The National Association of Purchasing Management-Chicago's index, also known as the Chicago PMI, probably showed that business activity in the U.S. Midwest expanded again, but at a slower pace, according to economists polled by Reuters. They expect a July reading of the Chicago PMI at 56, down from 56.5 in June. A reading above 50 indicates expansion.
Tuesday, a report on personal income and personal consumption, or spending, for June will be released at 8:30 a.m. EDT . The Reuters poll forecast: Personal income is seen up 0.6 percent in June after a gain of 0.4 percent in May, while personal consumption is forecast to rise 0.4 percent in June, matching May's 0.4 percent gain.
All eyes on Wall Street will be on the core Personal Consumption Expenditures Index, also known as the core PCE Index, which is one of the Fed's most closely watched measures of inflation. The core PCE Index is predicted to rise 0.2 percent in June, after a gain of 0.2 percent in May, according to the economists polled by Reuters. The core reading excludes volatile food and energy prices.
The Fed and the markets "will be looking at core PCE and the average hourly earnings component of the payrolls report," said Chan of JPMorgan.
U.S. domestic car and truck sales for July, which will be released throughout the day Tuesday, are expected to have picked up speed from June, according to the Reuters poll.
The Institute for Supply Management's index of U.S. manufacturing activity, due at 10 a.m. Tuesday, is expected to dip to 53.7 in July from June's 53.8.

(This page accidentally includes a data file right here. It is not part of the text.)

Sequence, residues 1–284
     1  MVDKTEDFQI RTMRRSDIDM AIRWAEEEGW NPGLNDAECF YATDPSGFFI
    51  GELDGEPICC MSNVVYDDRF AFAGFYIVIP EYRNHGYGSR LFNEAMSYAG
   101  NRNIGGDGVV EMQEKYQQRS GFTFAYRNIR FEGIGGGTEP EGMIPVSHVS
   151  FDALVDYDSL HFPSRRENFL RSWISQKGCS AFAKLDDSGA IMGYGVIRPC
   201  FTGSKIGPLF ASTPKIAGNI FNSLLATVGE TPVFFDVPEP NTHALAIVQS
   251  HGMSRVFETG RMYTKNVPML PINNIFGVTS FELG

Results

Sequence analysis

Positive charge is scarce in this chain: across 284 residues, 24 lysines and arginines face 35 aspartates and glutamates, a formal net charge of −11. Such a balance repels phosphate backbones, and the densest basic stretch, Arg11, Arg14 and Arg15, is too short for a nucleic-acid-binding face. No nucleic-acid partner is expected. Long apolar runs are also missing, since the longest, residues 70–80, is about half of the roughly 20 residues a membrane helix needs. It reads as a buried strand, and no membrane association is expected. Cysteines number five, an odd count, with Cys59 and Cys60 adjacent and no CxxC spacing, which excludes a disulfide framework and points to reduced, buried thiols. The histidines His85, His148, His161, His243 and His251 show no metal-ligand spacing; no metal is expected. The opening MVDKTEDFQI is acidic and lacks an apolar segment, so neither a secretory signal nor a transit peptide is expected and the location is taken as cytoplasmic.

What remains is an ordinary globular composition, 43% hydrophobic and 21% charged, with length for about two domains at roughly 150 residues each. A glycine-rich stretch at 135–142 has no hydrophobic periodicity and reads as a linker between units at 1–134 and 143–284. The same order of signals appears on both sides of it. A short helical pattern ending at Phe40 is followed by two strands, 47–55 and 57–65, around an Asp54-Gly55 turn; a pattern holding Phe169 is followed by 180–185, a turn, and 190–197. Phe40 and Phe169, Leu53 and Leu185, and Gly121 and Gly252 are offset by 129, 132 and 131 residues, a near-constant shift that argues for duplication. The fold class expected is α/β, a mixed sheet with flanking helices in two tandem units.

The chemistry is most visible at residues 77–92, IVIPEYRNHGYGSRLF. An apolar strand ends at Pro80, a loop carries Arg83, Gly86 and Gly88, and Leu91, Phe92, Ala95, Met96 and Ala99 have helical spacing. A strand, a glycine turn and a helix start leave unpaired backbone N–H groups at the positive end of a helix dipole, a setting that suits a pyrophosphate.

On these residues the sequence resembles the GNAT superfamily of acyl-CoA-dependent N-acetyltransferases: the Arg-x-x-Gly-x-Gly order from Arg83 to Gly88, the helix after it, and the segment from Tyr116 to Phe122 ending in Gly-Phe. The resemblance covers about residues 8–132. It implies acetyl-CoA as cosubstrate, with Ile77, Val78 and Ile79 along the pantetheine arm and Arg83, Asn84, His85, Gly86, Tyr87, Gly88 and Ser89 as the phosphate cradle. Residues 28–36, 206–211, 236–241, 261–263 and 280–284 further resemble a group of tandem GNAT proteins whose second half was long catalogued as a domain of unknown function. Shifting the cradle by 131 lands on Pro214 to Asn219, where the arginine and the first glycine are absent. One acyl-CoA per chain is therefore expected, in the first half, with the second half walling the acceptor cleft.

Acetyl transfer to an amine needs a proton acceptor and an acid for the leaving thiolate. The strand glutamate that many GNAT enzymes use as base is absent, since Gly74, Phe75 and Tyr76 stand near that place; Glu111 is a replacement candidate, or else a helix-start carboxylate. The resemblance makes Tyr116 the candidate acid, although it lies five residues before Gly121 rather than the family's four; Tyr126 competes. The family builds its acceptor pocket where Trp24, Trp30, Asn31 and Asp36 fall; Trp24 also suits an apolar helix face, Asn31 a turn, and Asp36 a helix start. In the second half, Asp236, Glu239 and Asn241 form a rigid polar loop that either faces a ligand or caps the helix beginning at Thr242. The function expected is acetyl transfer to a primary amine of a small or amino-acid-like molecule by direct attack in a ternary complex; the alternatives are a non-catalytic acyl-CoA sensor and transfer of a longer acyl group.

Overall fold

The ISM's index on non-manufacturing, or services, activity in the United States will be released Thursday, also at 10 a.m. . The forecast: 57.0 in July, the same as it was in June.
Also Thursday, a report on factory orders may show a rise of 0.9 percent in June after a gain of 0.7 percent in May, according to the Reuters poll. This report is due at 10 a.m. .
The week wraps up Friday with the U.S. nonfarm payrolls report for July, due at 8:30 a.m. . The U.S. economy likely added 150,000 jobs in July, up from 121,000 in June, according to economists polled by Reuters. The unemployment rate is pegged at 4.6 percent in July, the same as in the month before.
Average hourly earnings probably rose 0.3 percent in July, the Reuters poll showed, after a 0.5 percent gain in June.
Great Expectations for Earnings
Earnings expectations for the second quarter climbed in the latest week, with Reuters Estimates now projecting that Standard & Poor's 500 companies' profits grew 11.7 percent in the second quarter from the year-ago period — up from a growth forecast of 10.7 percent last week.
The number is expected to hit 12.5 percent once all S&P 500 companies have reported.
Next week, some of the largest S&P 500 companies reporting results will include Procter & Gamble, Prudential Financial Inc. , Time Warner Inc. and Starbucks.
Earnings "have been better than we expected," said Scott Wren, senior equity strategist at A.G. Edwards & Sons Inc. in St. Louis. "But the market may continue to focus on the misses, while a lot of companies are still turning in good results."